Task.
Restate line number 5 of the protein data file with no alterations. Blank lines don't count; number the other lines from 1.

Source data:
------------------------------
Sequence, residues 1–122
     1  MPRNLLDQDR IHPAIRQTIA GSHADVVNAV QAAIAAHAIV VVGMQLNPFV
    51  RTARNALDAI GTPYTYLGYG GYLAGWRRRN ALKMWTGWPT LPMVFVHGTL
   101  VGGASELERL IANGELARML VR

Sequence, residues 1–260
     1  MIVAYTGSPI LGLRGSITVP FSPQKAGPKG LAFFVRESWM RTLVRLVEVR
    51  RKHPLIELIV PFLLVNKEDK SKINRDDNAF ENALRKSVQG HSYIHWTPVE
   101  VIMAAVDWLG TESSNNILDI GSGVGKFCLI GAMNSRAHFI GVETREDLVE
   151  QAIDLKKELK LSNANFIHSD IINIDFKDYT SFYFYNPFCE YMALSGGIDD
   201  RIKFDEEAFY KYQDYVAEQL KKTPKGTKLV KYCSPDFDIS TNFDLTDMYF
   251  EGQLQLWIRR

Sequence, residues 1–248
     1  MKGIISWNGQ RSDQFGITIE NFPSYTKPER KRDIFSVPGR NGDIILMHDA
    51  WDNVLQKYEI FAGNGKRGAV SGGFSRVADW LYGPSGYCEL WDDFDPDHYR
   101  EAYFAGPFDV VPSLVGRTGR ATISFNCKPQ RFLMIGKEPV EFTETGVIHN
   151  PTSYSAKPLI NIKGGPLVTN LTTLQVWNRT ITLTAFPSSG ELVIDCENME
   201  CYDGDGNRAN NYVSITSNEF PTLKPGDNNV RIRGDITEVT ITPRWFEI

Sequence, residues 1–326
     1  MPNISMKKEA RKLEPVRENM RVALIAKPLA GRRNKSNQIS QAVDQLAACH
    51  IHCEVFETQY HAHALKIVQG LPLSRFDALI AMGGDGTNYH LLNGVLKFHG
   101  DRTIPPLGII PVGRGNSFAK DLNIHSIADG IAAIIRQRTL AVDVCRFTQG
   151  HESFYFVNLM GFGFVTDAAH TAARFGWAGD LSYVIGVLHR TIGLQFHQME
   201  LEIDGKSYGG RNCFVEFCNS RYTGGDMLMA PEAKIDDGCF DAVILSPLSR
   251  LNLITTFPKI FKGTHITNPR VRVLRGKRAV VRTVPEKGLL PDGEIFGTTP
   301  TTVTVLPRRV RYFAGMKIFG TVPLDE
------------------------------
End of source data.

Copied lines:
Sequence, residues 1–260